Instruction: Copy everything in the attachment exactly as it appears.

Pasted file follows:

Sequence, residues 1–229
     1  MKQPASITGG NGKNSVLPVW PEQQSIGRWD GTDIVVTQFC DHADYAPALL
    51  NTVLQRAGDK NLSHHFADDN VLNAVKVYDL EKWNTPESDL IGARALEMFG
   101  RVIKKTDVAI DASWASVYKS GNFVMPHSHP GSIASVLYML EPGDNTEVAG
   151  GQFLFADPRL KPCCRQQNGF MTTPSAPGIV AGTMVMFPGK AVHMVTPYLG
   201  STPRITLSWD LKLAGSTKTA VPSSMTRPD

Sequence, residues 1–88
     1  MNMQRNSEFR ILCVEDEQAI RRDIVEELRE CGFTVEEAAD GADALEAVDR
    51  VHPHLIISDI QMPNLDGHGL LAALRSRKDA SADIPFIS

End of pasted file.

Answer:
Sequence, residues 1–229
     1  MKQPASITGG NGKNSVLPVW PEQQSIGRWD GTDIVVTQFC DHADYAPALL
    51  NTVLQRAGDK NLSHHFADDN VLNAVKVYDL EKWNTPESDL IGARALEMFG
   101  RVIKKTDVAI DASWASVYKS GNFVMPHSHP GSIASVLYML EPGDNTEVAG
   151  GQFLFADPRL KPCCRQQNGF MTTPSAPGIV AGTMVMFPGK AVHMVTPYLG
   201  STPRITLSWD LKLAGSTKTA VPSSMTRPD

Sequence, residues 1–88
     1  MNMQRNSEFR ILCVEDEQAI RRDIVEELRE CGFTVEEAAD GADALEAVDR
    51  VHPHLIISDI QMPNLDGHGL LAALRSRKDA SADIPFIS